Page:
CLTS Blog posts

Blog

Contributed by:
Comments: 0 behaviour change, menstrual hygiene, sanitation marketing, SDGs, financing, Monitoring and sustainability, handwashing
28 January 2016

The first SACOSAN was held in Dhaka in 2003, so the return of SACOSAN VI in 2016 was like a homecoming – at least, that was the opinion of Junaid Ahmed, the World Bank representative (and former regional team leader of WSP South Asia) who chaired the initial session.

Contributed by:
Comments: 0 Children and schools, Monitoring and sustainability, nutrition
28 January 2016

Regional CLTS sharing and learning workshop, Sunday 10 January 2016: Innovative Bangladesh!
The traditional pre-SAN gathering of CLTS practitioners and enthusiasts brought together an interesting and eclectic group in Dhaka, with a notably large and welcome presence by the Afghanistan delegation. The focus of the first session was on innovation and new learning. While always difficult to focus the group’s attention tightly on new learning, several interesting new developments were highlighted.

Chief of Chipochongo village with ODF certificate
Contributed by:
Comments: 0 verification, Monitoring and sustainability
26 January 2016
Comments from Professor Robert Chambers on how to evaluate Wash programming and why practitioners should be cautious about verification.
Contributed by:
Comments: 0 behaviour change, Policy and advocacy for sanitation, Monitoring and sustainability
19 January 2016

The Swachh Bharat Mission (SBM) is a revamped programme on sanitation launched by the H’ble Prime Minister, with a clear focus on outcomes. The programme was drafted carefully, looking at learnings from past sanitation programmes in the rural sector. Despite many programmes, the rural sanitation coverage rate did not get much success, for varied reasons. The primary reason was inability to implement programme in a pure ‘demand driven’ way, and lack of capacities to trigger behavioural change, required for this demand generation.

Contributed by:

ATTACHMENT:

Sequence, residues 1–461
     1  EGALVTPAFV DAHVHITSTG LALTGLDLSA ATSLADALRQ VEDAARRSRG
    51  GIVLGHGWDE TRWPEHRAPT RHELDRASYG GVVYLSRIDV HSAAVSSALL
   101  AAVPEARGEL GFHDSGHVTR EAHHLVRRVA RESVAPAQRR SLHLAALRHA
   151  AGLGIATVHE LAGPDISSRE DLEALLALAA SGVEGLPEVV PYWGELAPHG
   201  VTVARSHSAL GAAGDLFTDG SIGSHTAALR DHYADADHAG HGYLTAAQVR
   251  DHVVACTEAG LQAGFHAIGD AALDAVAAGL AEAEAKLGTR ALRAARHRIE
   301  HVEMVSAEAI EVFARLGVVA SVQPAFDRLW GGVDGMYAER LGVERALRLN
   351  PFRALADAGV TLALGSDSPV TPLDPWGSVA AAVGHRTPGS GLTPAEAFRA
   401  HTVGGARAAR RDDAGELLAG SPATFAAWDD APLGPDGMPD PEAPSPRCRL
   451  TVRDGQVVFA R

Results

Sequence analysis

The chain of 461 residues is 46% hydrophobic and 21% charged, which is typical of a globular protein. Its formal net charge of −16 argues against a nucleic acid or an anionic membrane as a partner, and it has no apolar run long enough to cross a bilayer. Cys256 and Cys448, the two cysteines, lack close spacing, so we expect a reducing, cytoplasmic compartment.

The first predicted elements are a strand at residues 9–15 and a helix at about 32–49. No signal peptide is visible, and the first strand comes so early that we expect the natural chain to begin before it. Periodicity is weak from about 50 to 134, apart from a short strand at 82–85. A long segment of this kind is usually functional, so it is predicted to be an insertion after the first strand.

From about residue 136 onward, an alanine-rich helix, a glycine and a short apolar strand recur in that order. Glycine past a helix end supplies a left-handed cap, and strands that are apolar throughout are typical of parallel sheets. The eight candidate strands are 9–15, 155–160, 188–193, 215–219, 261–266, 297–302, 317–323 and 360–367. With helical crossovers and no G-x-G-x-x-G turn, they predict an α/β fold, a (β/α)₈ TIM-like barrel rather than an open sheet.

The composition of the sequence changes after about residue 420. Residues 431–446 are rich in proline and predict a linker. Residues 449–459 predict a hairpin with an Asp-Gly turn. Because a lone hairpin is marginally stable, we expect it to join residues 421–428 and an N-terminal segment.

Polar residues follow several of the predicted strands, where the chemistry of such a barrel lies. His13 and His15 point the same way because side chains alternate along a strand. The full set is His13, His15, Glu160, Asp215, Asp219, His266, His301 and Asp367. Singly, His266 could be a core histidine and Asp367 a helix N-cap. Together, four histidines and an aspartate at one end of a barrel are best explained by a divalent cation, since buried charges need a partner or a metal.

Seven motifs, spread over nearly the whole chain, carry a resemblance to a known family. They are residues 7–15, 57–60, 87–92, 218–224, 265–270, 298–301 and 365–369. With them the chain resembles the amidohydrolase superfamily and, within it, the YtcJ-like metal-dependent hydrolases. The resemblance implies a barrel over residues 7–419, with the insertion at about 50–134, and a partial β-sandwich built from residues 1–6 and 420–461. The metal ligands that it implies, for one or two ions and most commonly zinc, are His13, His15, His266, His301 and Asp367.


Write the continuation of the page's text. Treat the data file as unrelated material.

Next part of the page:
Comments: 0 Policy and advocacy for sanitation
19 January 2016

(The recent SACOSAN gave an opportunity to understand first hand from Dr M Geetha, Mission Director, Chhatisgarh, steps being taken by the State towards achieving an open daefecation free status. This blog is based on the same)

Contributed by:
Comments: 0 Policy and advocacy for sanitation
19 January 2016

An important change agreed upon is the creation of a SACOSAN Secretariat and a Working Group, to facilitate communication and horizontal learning between the biennial conferences. The Sri Lankan government has volunteered to host the Secretariat.

Another point in the declaration is to reach out to other multi-country fora with information and advocacy for sanitation improvement. SAARC, the regional coalition,  was specifically mentioned; and a SAARC representative spoke in the concluding ceremony.

Contributed by:
Comments: 0 equity and inclusion, SDGs, Monitoring and sustainability
14 January 2016

Leave No One Behind
Presentation by an Afghan woman (Adiba Quraishi): We women do not use public toilets. We are embarrassed to be seen going into them. During these last few days, I have learned that governments are doing a lot.

Contributed by:
Comments: 0
13 January 2016

Session on Community Approaches to Sanitation and Hygiene

Contributed by:
Comments: 0
13 January 2016

The eight large and small countries involved in these biennial South Asia Sanitation Conferences (SACOSAN) differ in important ways. The Maldives is an island nation. Bhutan and Nepal are mountainous areas. Bangladesh’s, Afghanistan’s, and Pakistan’s populations are majority Muslim. India, of course, is the largest and most diverse. And Sri Lanka may be the most advanced in terms of literacy and other development indicators.  Sri Lanka has recently experienced civil war and a tsunami, which also hit the Maldives. Nepal had a terrible earthquake last spring.

Contributed by:
Comments: 0 urban, Adaptations and innovations
15 December 2015

Azafady UK’s three-year sanitation and hygiene initiative, Project Malio, has recently reached its halfway point promoting sustained behavior change and latrine use in the coastal town of Fort Dauphin, southeast Madagascar. Using an adapted version of the Community Led Total Sanitation (CLTS) methodology, Project Malio aims to eliminate – or at the very least significantly reduce – open defecation in Fort Dauphin by working with households, schools, communities and local government.

Pages

Subscribe to CLTS Blog posts